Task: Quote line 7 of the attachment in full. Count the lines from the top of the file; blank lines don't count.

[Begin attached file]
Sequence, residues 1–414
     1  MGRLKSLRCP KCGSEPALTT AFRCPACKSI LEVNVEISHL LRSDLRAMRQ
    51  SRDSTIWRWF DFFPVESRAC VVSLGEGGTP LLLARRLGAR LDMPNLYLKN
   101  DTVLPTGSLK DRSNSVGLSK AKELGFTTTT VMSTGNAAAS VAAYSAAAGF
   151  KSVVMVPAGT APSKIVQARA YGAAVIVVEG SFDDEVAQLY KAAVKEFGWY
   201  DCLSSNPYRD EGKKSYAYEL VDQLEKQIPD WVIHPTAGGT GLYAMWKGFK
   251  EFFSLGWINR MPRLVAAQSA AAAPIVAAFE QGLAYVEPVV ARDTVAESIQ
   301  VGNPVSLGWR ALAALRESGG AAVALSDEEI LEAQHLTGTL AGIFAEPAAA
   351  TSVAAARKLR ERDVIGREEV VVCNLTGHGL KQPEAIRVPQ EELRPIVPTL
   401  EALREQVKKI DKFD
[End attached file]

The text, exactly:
   251  EFFSLGWINR MPRLVAAQSA AAAPIVAAFE QGLAYVEPVV ARDTVAESIQ